The day looked calmer as we headed out about 10:20. We would have left later in the day but it was Friday of the Labour Day Weekend and we would be traveling north out of Toronto. Long weekends are crazy with the denizens of the Greater Toronto Area trying to escape to Cottage Country all at once. We were used to seeing them stopped in three abreast lines of traffic on Highway 400 as we headed the other direction, but this would be the first time we would be traveling amidst the mass migration. I hoped we could beat the rush.
After getting on Highway 406 at its southern end, we joined the Queen Elizabeth Way. It was moving well until the Burlington Skyway, where everything ground to a halt starting with the left lane. This was an eight-lane highway and I had trouble picturing why the fast lane stopped first. We never did get an answer.
Once across the Skyway, I decided to pay the outrageous toll charges and bypass Toronto congestion on the Express Toll Route 407. Traffic moved quickly as it took us across the top of the city to Highway 400 North. This was where I expected we would begin to encounter trouble. I was pleasantly surprised to see that Highway 401 was moving well in both directions as we passed over it.but, as expected, traffic on 400 was heavy. It was stop and go all the way up to Barrie, where the six lanes split into two four lane highways. Stop meant stop and go, at times, meant 70 MPH.
Once we cleared Barrie and a lot of cottage goers (Cottage is a southern Ontario thing. In Northern Ontario, we say camp) split off on Highway 11, traffic on 400 started to flow steadily. As things opened up, we were passed by quite a few cars. These day, I travel at 15 kms over the posted limit which meant I was doing 71 MPH in a 62 MPH zone. That is the point at which demerit points kick in.
It did occur to me that if the Province really wants to deal with the huge current deficit, it would up the speed limit to 120 KPH (75 MPH) and set up photo radar units. No demerit points since the driver can't be identified and no reporting to the insurance companies. It would just be a tax on going fast, and the drivers are faster the closer you get to the GTA.
At Derek Roberts Esso in Waubaushene, we stopped for fuel, a Subway sandwich and coffee, along with some muffins from the Country Style donut shop. The CS muffins are so much better than Tim's that I can't understand why their stores keep closing.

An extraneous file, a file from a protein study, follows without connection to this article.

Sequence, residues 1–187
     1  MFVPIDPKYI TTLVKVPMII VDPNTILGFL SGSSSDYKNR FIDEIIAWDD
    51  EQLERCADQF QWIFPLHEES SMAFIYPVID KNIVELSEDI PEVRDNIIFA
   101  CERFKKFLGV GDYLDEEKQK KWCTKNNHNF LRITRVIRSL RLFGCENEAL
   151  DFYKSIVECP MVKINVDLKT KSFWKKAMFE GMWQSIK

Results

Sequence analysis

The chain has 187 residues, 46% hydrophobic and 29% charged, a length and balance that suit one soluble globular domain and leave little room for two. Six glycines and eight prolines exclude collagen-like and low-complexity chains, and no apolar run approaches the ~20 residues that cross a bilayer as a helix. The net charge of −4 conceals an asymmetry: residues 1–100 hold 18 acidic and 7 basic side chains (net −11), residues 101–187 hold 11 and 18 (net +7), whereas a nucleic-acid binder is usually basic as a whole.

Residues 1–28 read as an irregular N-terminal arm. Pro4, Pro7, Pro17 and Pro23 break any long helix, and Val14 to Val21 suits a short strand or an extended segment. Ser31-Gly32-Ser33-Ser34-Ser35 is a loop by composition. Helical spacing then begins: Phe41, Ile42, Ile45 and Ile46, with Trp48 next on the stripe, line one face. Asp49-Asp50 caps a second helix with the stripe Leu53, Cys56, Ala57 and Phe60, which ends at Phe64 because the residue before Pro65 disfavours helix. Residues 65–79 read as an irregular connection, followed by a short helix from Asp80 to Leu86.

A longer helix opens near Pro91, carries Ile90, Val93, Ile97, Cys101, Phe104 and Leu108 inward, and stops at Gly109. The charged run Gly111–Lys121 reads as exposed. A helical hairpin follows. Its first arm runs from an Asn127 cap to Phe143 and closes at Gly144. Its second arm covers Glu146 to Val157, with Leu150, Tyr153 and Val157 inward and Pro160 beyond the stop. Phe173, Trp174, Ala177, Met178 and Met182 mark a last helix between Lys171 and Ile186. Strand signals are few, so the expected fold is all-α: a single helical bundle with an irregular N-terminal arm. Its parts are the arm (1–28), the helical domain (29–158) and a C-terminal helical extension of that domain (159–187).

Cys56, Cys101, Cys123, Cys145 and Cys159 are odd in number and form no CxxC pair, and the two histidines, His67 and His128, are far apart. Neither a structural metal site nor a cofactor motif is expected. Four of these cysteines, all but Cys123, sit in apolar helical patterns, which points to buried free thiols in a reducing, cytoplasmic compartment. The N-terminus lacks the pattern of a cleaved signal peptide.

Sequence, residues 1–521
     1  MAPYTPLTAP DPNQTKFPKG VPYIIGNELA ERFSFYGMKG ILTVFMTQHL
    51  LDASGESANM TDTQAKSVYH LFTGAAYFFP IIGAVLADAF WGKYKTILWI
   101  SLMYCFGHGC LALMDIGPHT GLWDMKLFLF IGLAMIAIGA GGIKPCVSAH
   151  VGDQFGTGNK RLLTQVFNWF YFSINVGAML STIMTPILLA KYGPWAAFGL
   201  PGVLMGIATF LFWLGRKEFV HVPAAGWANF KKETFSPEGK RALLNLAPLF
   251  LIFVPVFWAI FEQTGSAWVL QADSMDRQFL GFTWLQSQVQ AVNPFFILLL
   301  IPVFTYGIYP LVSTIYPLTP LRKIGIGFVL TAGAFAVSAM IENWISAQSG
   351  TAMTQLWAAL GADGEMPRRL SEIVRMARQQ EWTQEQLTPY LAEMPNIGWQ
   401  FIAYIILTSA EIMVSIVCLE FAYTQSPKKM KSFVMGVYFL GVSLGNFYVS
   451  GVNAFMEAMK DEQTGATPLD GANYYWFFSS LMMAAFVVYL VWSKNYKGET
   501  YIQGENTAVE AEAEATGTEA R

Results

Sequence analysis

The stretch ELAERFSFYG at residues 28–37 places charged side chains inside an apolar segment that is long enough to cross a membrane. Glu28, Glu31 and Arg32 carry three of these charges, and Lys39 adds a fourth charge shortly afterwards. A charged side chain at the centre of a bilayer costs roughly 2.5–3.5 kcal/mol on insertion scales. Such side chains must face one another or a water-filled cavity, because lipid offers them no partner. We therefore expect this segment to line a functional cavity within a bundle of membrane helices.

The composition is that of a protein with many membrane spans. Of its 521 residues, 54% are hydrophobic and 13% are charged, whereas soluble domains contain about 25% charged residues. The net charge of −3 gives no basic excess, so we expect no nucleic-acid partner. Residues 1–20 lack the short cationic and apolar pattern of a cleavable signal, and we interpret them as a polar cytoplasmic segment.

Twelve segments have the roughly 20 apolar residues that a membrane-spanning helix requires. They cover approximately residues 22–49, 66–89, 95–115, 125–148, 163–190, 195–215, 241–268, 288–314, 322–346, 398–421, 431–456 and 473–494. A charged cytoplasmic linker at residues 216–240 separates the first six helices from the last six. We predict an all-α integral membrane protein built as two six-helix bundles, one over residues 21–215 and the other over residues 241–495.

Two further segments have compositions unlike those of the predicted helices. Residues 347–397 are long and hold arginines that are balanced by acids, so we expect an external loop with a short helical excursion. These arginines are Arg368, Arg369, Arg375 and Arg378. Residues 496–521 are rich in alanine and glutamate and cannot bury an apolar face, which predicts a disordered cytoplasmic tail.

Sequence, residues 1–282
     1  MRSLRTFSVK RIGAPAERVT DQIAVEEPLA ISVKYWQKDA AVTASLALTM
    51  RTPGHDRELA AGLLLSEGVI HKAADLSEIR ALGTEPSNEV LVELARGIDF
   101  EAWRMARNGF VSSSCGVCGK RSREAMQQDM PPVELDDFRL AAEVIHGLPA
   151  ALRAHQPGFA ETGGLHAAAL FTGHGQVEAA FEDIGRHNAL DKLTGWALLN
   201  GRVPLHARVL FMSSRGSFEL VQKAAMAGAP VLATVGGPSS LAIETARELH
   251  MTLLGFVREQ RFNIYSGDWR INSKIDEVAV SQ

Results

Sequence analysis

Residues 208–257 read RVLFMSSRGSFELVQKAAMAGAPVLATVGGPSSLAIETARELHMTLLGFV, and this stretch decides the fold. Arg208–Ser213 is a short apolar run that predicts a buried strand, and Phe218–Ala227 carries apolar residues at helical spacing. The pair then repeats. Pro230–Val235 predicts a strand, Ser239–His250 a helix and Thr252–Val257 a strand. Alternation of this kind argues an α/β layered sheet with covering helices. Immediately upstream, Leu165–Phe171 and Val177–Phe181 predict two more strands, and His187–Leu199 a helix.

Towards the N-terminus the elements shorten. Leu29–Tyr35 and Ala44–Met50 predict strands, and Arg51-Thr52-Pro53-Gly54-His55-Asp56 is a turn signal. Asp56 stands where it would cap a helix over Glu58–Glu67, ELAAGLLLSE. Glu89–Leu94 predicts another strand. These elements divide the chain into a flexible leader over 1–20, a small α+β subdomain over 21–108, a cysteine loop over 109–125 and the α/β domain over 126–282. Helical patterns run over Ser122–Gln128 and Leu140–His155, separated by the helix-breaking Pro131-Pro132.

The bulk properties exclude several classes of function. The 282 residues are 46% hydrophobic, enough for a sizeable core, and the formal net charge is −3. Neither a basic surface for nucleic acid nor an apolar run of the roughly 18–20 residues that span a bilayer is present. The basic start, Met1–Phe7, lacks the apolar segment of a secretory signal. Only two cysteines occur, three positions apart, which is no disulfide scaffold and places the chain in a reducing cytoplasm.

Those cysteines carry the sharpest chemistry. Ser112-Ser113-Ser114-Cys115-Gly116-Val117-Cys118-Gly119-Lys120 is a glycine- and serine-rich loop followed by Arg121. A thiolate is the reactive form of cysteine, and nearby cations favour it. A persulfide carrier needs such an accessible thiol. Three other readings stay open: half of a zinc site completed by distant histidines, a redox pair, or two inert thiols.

Traffic was lighter and lighter as we headed north.
There was one incident just south of Still River on the two-lane Highway 69. We were behind an SUV following a couple of semi's as we got to the passing lane south of the Magnetawan River. They were doing about 50 MPH in the 56 MPH zone but, when they got to the passing lane, they immediately pulled left to pass a slow RV trailer. That maneuver took the entire passing lane but that was fair. There was another long passing lane coming up.
When we got to the next passing lane, the trucks (which were now doing about 55) again moved immediately to the passing lane even though the semi ahead of them was about a quarter mile ahead. It is legal to pass on the right in Ontario when there are more than one lane in EACH direction, which made a right side pass in this situation illegal according to my reading of the law. Still, there are limits. I passed on the right and held the horn button down as I did. Sandy asked if this was to let them know I was coming. OK, that sounded good but I really wanted the inconsiderate SOB's to know that I was displeased with their driving. Not Road Rage but Road Annoyance.
Rather than take the bypass when we got to the city, Sandy wanted to go through town and check out the new mural on the old hospital. It certainly was bright and cheerful, sort of like a rainbow exploded. We both liked it.
We pulled into the driveway about 4:45 PM. In just a week, we would be leaving again for the VROC Reunion in Eureka Springs, Arkansas and then the reinstated VROC Maine Weekend in Bethel.
Today's Route (332 Equinox miles):